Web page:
However, the fact stands that the case will move forward against Paula back in  district court.  Regardless of the outcome, the tactic seems to have worked in terms of creating leverage for Barry in the divorce case, as Paula will have to consider potential liability in the federal case as it pertains to the remaining issues in the underling divorce.  I’m sure that is what Congress intended when it enacted the Wiretap Act.

As it stands now, if you are going to snoop on your no good cheating husband, you’d better bone up on your knowledge of the Wiretap Act.  Otherwise, you might find yourself being sued in federal court in addition to being embroiled in a messy divorce.

Credit to today’s ISBA E-Clips for pointing this story out to me.  Further credit to ABA Journal and Stephanie Francis Ward for authoring the article.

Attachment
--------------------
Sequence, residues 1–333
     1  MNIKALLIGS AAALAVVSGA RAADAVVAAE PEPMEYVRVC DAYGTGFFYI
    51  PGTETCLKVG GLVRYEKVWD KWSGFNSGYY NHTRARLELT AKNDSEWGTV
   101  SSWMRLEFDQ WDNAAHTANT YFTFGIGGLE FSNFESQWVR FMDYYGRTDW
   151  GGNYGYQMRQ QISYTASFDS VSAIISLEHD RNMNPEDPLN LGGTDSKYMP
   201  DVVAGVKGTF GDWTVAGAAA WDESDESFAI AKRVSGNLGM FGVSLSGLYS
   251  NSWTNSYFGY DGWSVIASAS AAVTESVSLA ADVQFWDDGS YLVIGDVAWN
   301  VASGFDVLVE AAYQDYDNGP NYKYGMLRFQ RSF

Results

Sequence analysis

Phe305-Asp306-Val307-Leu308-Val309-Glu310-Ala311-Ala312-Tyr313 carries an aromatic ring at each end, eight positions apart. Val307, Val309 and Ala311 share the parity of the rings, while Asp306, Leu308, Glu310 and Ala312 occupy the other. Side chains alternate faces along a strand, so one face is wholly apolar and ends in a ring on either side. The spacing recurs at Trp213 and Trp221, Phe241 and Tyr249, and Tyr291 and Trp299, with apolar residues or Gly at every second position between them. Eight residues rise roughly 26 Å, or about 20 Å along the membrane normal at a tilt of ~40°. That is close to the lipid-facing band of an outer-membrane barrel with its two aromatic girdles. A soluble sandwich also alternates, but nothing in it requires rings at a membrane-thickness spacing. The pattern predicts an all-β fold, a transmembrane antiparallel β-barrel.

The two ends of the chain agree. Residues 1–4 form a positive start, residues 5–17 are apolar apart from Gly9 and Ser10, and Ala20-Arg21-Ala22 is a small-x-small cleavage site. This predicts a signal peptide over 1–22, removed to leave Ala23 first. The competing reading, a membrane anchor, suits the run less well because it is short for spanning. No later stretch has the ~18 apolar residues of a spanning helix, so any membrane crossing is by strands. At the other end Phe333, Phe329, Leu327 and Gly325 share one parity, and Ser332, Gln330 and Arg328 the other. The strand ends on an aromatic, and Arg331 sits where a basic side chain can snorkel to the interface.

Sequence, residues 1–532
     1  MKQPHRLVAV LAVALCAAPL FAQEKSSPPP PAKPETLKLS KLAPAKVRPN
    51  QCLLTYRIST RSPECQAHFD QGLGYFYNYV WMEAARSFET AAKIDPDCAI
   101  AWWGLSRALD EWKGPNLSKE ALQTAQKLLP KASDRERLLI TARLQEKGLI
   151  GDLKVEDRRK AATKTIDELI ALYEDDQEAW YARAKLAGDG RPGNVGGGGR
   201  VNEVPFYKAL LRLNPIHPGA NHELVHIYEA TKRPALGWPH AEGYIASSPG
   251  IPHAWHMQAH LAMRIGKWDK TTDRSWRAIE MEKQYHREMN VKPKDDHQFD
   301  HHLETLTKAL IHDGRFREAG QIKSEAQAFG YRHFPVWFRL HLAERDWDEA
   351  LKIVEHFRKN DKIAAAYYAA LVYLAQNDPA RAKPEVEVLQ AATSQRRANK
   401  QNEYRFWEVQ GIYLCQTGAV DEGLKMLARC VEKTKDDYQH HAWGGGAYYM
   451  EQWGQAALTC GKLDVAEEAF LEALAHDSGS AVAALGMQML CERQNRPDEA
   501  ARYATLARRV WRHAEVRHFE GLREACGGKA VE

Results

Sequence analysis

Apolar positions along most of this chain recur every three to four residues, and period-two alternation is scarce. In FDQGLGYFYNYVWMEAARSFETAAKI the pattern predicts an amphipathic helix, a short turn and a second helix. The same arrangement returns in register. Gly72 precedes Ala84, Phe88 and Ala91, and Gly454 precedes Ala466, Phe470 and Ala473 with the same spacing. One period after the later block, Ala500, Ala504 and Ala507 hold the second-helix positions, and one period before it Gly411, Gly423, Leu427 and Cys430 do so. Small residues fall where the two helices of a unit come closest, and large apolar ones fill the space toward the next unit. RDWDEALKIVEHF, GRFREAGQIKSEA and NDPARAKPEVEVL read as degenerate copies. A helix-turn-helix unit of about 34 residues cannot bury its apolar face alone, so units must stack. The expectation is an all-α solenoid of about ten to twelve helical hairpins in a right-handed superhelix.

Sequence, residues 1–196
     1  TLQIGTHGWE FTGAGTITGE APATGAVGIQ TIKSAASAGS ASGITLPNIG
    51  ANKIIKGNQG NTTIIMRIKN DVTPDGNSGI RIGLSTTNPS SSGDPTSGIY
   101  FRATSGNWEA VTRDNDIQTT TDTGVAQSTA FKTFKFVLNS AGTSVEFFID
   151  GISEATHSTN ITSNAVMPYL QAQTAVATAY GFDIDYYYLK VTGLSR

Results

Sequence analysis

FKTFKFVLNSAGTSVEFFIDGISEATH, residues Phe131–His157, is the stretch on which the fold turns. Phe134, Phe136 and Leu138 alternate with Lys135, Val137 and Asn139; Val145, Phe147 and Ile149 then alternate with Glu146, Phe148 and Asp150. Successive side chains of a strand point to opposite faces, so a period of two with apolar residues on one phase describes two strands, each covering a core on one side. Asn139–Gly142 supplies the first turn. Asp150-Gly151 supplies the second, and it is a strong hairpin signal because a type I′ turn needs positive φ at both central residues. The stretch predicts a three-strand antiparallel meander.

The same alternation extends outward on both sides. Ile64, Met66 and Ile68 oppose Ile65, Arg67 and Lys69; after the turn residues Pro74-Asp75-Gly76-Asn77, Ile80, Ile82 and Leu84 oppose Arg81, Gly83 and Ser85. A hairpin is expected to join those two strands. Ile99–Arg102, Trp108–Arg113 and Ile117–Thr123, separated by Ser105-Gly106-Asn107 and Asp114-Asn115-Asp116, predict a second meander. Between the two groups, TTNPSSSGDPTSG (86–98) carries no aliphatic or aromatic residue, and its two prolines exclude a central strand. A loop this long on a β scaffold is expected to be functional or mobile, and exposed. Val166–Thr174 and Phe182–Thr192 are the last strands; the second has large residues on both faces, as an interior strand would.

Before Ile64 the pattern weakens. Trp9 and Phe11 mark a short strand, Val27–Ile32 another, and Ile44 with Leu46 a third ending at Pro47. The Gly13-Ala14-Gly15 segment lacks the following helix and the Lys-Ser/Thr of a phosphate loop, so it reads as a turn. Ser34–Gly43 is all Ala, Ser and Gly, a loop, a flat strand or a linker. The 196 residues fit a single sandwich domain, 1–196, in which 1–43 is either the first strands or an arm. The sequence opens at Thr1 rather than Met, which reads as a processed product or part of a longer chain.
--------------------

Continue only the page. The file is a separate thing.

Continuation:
New Illinois Law Brings Common Sense Approach To DUI And Pot

This is not about real estate.  However, some of you (wink, wink, no judgment here) should be aware of an important change in the DUI laws, which provides a more common sense approach to the issue of pot use and driving.

Until Governor Rauner signed SB 2228 into law last week, pot smokers were at risk of a DUI conviction unless all traces of THC (the intoxicating compound in pot) had left the system.  Although the intoxicating effects of pot last a few hours at most, it can take weeks for all of the THC to flush from the system.  This unreasonable standard resulted in many unneccasary arrests and convictions, often putting otherwise good people in jail and unnecessarily ruining lives.